A review of CoCreating The Field: Intention and Practice in the Age of Complexity.
The Evolution of Gestalt Series, Volume 1 edited by Deborah Ullman and Gordon Wheeler. Published by Routledge, Taylor & Francis Group, New York, 2009, 408 pages. Price: £26.95.
In the foreword to this book, Deborah Ullman acknowledges the overwhelming complexity of modern life and the information-overload which places ever-increasing demands on our attention. In the light of this she then asks us: 'why indeed might a new book on Gestalt Theory and Practice matter?'
It's a good question, and one which the rest of the book is devoted to answering in an ambitious quest, to try redefine our understanding of what it is to be human, at this point in history. The writers also con-sider the ways in which Gestalt therapy might need to evolve to meet the challenges of the new millennium. It's a daunting brief, so don't expect this book to provide a quick read or any easy answers.
In fact, as Gordon Wheeler reminds us, it is now just over half-a-century ago that Fritz Perls, Paul Goodman and Ralph Hefferline set out on a very similar intellectual task. By integrating ideas from contemporary culture, philosophy, and science with their own professional experiences and intuitive thought, they success-fully formulated a new definition of the nature and construction of human experience. Their writings, in the 1950s, offered a radical revision of the possibilities for therapeutic support. However, despite being recognised and respected as timeless and inspired in many respects, certain aspects of this seminal Gestalt text are still very much of its era and therefore, Wheeler argues, need to be revised and updated.
With this in mind, a group of contemporary Gestalt thinkers and writers set out on the daunting task of formally attempting to update the fundamental questions of: Who are we? And, what is our situation in this highly complex modern world? As the overall title of the volume suggests, the authors are particularly concerned with a shift of emphasis away from the fundamentally individualistic view of human nature which has so dominated Western thought and culture. They turn instead to the understanding that we are fundamentally relational, intersubjective, beings, and that:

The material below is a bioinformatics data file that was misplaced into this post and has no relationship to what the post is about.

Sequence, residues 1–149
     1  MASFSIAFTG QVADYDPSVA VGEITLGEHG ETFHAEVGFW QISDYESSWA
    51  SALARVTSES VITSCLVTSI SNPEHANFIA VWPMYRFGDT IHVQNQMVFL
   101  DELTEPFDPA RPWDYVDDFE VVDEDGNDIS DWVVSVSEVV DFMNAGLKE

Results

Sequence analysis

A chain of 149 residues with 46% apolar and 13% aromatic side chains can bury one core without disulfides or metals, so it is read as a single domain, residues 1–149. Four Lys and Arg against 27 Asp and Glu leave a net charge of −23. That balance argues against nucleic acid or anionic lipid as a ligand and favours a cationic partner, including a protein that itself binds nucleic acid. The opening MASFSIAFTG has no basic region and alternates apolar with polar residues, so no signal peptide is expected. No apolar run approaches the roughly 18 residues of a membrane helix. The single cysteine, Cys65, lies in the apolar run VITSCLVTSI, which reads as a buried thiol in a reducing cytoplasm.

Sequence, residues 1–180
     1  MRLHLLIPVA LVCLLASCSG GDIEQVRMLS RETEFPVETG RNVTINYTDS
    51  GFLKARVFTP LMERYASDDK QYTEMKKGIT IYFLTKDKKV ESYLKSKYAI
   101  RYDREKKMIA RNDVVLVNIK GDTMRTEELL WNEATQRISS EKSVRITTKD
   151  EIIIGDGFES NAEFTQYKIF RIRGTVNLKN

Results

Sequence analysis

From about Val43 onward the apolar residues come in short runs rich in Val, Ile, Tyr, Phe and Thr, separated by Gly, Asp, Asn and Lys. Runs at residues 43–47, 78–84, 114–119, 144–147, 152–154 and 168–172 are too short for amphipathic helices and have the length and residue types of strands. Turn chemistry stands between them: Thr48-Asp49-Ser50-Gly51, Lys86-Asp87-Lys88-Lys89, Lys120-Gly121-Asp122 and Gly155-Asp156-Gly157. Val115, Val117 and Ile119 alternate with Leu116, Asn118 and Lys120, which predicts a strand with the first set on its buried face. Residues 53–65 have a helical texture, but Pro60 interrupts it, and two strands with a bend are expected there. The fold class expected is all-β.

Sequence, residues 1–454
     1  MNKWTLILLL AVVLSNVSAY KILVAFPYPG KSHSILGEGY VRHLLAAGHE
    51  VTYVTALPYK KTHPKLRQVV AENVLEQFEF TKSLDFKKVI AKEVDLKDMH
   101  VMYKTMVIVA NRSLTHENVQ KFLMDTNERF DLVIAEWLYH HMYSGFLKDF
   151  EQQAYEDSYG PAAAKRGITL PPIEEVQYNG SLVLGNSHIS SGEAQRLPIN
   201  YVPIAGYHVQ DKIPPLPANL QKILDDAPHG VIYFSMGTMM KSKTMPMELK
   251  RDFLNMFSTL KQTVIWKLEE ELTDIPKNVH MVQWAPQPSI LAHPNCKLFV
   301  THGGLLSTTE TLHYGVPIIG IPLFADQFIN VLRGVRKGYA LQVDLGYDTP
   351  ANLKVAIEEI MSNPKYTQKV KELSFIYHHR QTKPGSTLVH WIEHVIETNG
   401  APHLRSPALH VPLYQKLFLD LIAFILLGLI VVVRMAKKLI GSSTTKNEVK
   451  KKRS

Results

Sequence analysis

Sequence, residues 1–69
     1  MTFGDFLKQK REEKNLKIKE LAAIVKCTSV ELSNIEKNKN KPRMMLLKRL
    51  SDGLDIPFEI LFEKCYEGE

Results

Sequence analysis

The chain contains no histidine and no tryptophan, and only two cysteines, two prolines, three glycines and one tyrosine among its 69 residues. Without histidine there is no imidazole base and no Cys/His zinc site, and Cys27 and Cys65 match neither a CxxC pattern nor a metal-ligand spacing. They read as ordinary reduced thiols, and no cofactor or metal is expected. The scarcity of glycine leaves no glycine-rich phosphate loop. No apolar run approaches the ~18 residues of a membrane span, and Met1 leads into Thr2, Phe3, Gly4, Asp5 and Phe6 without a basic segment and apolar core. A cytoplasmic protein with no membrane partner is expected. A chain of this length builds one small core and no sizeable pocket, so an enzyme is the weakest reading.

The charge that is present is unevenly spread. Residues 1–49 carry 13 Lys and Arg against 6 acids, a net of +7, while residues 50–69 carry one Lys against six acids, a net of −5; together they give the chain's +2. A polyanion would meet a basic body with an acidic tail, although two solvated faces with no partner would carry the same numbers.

maturity, in other words, is not 'autonomy' but inter-dependence; not a simplification of the relational field but an ever-growing capacity to experience its complexity. (Wheeler, p. 19)
And, it is the challenges of this co-created existence with which the various contributors engage, as they consider the implications of new discoveries in the world of science, technology, infant research, neuroscience and intellectual thought, for our ever-evolving understanding of human need and relationships.
The format of the book is a collection of essays, most of which were delivered as speeches by members of the Gestalt community at a conference in Esalen in 2005. The stated purpose of the conference was both a purging and revision exercise; to chart the progression of ideas and dialogue which has taken place in Gestalt circles over the past fifty years or so and, at the same time, attempt to tease out which aspects of the therapy have successfully survived the test of time.
Although the content and the ideas explored in the book have since been widely voiced elsewhere, it does feel useful to have most of the significant themes of contemporary Gestalt thinking brought together in one volume. For relative newcomers to Gestalt, it provides a useful overview of the evolution of Gestalt theory, offering context for its beginnings and also the historical progression of ideas and their application in practice.